The first part of preparing the surface was dealing with the back of this piece. The back was nice and smooth. I just had to clean up the very edge to knock down a small ridge. The application technique was simply cut to shape and glue the road down. I marked the outline on the backside of the roadway and used a rotary tool with a cut off wheel to cut the rough shaped pieces. I test fitted the cut pieces ensuring that the seams would fit well. The main seam required no adjustments. The small second seam required some reshaping to make a nice tight fit. I used a drum sander on my rotary tool for this. I was fine with an overhang on the outer edges; this would be sanded after the glue cured.
The glue I used was a simple one part contact epoxy. Since there was no load bearing requirements for the glue I didn't feel the need for a two-part epoxy. I applied the glue to the parts and installed them. The glue and pieces worked well together; there is still a nice tight fit.
Once the glue was dry I sanded the edges down to be even with the wooden base.
In addition to reacting well to epoxy this piece accepted CA super glue also. During the sidewalk application I had to tack down small areas of the sidewalk. I used CA between the latex sidewalk and resin road surface. I used a small toothpick dipped in glue to apply the glue, and then I pressed down with my finger. It worked well and is still holding. The final preparation before paint was to fill the seams. I used a bit of Squadron putty and it worked flawlessly. I filled it with a dental tool and scraped it smooth.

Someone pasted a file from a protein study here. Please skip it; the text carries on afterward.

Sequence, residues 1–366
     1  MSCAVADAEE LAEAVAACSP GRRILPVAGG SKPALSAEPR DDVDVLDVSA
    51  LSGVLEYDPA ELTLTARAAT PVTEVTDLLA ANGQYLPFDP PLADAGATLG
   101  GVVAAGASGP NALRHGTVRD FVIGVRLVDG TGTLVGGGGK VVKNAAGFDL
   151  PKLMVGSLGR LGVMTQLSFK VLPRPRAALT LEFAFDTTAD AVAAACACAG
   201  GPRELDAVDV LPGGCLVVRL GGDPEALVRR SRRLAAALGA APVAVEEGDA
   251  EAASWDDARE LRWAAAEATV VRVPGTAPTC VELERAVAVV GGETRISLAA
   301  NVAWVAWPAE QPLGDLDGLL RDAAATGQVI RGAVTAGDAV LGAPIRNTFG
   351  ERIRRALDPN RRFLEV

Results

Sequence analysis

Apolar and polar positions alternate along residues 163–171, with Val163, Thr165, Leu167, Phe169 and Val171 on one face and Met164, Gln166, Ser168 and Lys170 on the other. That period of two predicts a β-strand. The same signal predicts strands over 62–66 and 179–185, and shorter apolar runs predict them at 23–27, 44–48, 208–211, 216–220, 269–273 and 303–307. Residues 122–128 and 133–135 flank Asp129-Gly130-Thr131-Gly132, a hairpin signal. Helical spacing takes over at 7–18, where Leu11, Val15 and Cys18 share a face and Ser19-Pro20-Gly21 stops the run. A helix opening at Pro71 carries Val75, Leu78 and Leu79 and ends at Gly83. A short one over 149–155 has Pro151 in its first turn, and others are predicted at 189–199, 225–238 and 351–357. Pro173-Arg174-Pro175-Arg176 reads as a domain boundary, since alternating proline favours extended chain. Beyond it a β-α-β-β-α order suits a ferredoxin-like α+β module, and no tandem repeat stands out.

I used 'hobby' acrylic paints like Folk Art for my base layer. I mixed up a neutral shade of gray for the exposed paving stones. The paved area received a mixed bag of colors to create a dark grayish color. The resin took this paint wonderfully, it was smooth and easy. On top of this I applied variations of color to add realism and interest.
For shadows and texture I applied a turpentine/oil paint wash in a "filter" fashion and in "pin wash" fashion. All of these color treatments went on with no problems at all.
I must say I did not wash this resin piece with soap and water. This is typically done to remove any residue from the manufacturing process. I simply forgot to do it this time. To my satisfaction all the glue and paint went on with No ill affects.
On top of the paint I applied two coats of pastel powder. I applied a localized layer to match the nearest building (yellow/brown or red/gray). On top of this I applied a grayish layer of pastels to unify the entire project. The resin accepted this very nicely.
end of the road
I have been building dioramas for quite some time and have amassed an arsenal of techniques to scratch build all kinds of road treatments. When I first saw this piece I was skeptical. Then I found where these types of kits shine.
These pieces are great when you're short on time and need a good well sculpted creative solution in a hurry. I found the resin easy to work with and manipulate. The only potential shortcoming of this piece is that it is rigid and will not be suitable for a non-uniform surface. I found the size to be very acceptable with ample amounts to do this diorama, which is about average from what I am used to seeing. The sculpting is very acceptable as well.
I give this kit good marks, it fits the bill quite well even if it was originally designed to be a wall. This kit is a nice one to have on hand if you routinely build dioramas. It’s easy to pull out and put to use, and as we’ve seen for multiple different uses.